The problems come more with the action than the story. Although there is an attempt to bring some real spectacle to the piece, even the scenes that are fleshed out from the trailers, such as the rising of a sunken ship, feel slightly pedestrian. There is also an issue with the fact that the way the universe is setup, there is no real sense of peril come the final confrontation. Not only are our main protagonists very well powered as a group, but the rules of the universe say that they have to win or the trilogy will come to a very sudden halt. There isn’t much Burton can do about this as a director, after all it’s not his story, but it does mean you are somewhat distant from the characters as they face off for the final confrontation.
As far as cinematography goes, it is as you would expect. The world is wonderfully off-kilter, and gorgeous to look at. The costumes are beautiful and the juxtaposition between the worlds in and out of the time loop give a visual richness to the world. On the flip side, there are plot holes all over the place, the smallest of which is that it’s very convenient that 2016 Jake wears clothes that could pass as 1940’s styling rather than jeans and a hoodie. As with any movie that has at least a component of time-travelling involved, this small plot-hole is the least glaring, but you do have to come to the point that you step away and just let them slide, or you will end up like me, sitting ranting about them to people that don’t care.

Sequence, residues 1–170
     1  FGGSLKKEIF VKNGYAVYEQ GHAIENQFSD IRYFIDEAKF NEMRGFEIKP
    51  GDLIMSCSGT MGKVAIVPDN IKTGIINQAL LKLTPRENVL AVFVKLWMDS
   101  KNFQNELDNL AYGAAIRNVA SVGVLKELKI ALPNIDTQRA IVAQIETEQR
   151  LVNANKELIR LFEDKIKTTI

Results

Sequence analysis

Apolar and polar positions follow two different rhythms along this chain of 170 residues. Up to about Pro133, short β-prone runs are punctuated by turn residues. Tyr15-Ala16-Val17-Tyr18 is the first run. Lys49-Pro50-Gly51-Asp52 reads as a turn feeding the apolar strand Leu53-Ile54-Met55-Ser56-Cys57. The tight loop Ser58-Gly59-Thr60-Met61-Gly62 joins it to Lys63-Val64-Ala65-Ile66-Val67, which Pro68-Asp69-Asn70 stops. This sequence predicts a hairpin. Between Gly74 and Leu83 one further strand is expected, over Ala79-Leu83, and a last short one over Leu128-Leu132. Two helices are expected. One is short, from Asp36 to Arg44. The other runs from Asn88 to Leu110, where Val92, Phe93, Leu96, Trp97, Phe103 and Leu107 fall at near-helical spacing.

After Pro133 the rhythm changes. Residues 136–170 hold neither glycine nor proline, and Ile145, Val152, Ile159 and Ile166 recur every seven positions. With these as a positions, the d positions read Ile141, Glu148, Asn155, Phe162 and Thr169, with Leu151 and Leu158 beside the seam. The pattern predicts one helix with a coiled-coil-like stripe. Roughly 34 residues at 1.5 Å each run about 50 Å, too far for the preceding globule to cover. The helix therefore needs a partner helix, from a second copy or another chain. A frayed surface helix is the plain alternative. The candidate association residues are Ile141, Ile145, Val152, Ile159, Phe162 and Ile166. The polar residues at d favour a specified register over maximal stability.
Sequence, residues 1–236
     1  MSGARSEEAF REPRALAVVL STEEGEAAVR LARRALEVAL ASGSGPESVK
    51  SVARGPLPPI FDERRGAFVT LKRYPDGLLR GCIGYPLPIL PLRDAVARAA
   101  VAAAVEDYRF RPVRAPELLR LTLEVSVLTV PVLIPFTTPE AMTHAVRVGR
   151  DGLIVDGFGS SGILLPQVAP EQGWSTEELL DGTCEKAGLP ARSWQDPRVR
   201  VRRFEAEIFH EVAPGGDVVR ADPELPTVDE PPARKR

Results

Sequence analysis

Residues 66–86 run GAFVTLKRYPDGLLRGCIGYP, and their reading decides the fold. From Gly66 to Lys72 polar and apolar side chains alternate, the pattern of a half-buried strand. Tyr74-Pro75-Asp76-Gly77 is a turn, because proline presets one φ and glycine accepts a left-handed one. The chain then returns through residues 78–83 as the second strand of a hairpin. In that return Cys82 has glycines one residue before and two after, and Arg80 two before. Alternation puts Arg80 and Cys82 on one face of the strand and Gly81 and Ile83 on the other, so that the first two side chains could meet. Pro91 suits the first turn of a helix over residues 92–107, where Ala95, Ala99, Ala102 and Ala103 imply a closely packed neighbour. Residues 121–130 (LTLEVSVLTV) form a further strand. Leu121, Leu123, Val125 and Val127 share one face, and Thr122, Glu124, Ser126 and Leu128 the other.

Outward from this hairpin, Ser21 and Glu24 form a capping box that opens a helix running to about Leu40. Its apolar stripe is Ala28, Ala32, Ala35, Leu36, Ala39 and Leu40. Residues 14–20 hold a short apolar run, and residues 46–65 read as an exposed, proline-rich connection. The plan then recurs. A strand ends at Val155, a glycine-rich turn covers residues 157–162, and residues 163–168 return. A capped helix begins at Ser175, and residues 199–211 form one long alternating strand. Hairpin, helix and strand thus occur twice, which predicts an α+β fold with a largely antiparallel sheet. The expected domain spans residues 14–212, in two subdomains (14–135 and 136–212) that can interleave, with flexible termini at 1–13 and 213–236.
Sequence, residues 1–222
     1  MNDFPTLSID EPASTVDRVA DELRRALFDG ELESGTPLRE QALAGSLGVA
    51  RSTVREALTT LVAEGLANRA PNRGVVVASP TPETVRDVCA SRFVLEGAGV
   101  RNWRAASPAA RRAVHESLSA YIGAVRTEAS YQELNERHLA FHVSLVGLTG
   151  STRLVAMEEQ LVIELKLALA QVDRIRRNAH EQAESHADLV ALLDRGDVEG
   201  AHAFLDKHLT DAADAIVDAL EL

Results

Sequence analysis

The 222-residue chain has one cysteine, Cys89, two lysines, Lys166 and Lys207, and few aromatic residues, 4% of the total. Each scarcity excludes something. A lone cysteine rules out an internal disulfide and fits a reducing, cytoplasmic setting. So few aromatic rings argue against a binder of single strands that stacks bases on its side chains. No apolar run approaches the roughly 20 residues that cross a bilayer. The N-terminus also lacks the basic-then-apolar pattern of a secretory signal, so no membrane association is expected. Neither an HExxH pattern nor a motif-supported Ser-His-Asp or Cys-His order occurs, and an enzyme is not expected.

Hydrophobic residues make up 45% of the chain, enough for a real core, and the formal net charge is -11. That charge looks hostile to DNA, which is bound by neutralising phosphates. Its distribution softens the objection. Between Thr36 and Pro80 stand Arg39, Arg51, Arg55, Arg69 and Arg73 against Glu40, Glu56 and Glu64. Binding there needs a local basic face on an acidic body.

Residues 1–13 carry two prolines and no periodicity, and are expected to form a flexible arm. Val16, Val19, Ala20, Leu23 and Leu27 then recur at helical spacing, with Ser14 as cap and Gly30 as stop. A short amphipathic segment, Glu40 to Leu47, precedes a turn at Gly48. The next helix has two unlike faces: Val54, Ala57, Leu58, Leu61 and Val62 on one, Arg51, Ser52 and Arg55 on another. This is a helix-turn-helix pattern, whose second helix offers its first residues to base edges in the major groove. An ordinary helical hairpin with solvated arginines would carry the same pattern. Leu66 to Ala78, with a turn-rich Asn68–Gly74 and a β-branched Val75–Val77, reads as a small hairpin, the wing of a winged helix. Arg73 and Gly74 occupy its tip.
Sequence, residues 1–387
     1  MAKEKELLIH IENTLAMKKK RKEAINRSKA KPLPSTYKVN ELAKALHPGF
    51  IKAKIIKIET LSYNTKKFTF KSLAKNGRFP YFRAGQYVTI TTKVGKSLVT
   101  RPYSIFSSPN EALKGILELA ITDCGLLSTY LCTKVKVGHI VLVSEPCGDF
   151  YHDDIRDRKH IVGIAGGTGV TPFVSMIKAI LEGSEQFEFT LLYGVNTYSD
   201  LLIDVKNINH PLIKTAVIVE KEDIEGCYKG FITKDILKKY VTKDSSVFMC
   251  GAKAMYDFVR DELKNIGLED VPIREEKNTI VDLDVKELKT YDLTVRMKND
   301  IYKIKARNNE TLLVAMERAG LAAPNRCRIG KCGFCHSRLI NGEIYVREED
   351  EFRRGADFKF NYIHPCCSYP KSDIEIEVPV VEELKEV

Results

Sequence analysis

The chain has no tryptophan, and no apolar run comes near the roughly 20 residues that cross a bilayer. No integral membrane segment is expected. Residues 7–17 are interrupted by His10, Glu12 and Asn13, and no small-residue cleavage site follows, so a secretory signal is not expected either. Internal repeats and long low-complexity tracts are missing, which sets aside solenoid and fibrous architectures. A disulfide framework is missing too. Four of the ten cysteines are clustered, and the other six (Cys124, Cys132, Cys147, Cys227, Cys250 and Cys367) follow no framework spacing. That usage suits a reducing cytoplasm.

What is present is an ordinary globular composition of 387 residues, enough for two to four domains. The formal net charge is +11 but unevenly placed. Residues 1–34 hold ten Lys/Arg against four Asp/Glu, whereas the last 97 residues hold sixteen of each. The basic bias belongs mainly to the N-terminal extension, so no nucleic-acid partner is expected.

Whilst not a true return to form for Tim Burton, this is the closest he’s come in years to recapturing some of his magic. It’s pretty, and fairly engaging, with a cast doing a fine job from top to bottom. It is just a pity that it is just lacking a certain something, never drawing you in as previous Burton offerings have, and leaving you with the feeling that you’ve watched a Tim Burton movie rather than having experienced one. If you are a fan of his work, or if your family their movies with a slightly more twisted take on the world, you’ll not find this offering that peculiar at all.
- a young likable cast.
- pretty visuals.
- something a little darker for the kids.
- a lack of immersion.
- plot holes you can sail a sunken cruise ship through.
- just “something” missing.